PT Treatment for Total Shoulder Replacement

Various treatments will likely be used during your rehab for total shoulder replacement. These may include both physical modalities and movements, like exercise.


Your PT may use various things to improve circulation and control pain after total shoulder replacement including:

  • Ice: This is used to decrease pain and control swelling and inflammation.
  • Heat: Heat is used to relax muscles and decrease pain. Heat can also improve blood flow to your shoulder's tissues.
  • Electrical Stimulation: Electrical stimulation, like TENS, may be used to decrease pain. A form of e-stim called neuromuscular electrical stimulation (NMES) may be used to help your muscles contract properly after surgery.
  • Kinesiology Tape: K-tape may be used to help decrease pain and swelling or improve the muscular function of your shoulder.

Keep in mind that many physical therapists shy away from using physical modalities. Some feel that doing things to the patient creates a relationship where the patient is dependent on the therapist for care. Plus, many scientific reports show that modalities for total shoulder replacement do not improve functional outcomes.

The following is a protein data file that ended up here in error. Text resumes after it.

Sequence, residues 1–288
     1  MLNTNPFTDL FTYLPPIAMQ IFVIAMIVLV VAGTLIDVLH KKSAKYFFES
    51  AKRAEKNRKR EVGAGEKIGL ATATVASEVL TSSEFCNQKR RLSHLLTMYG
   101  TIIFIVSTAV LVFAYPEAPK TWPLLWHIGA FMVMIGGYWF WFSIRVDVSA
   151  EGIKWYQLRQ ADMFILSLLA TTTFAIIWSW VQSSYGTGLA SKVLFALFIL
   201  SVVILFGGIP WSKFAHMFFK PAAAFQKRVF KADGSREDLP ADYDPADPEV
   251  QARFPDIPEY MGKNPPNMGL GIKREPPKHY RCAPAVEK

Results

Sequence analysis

Hands-On Care

Your PT may perform a few manual techniques to improve your shoulder mobility after total shoulder replacement. This may include:

  • Manual joint range of motion techniques
  • Manual resistance exercise
  • Scar tissue massage

These treatments are done to improve tissue mobility and overall functional motion and strength in your shoulder and arm.


Exercise after total shoulder replacement should be the main focus of your rehab. An exercise program after total shoulder replacement may include:

Keep in mind that some exercises may hurt a bit while doing them. If this happens, tell your physical therapist; he or she may alter the exercise to make it more comfortable.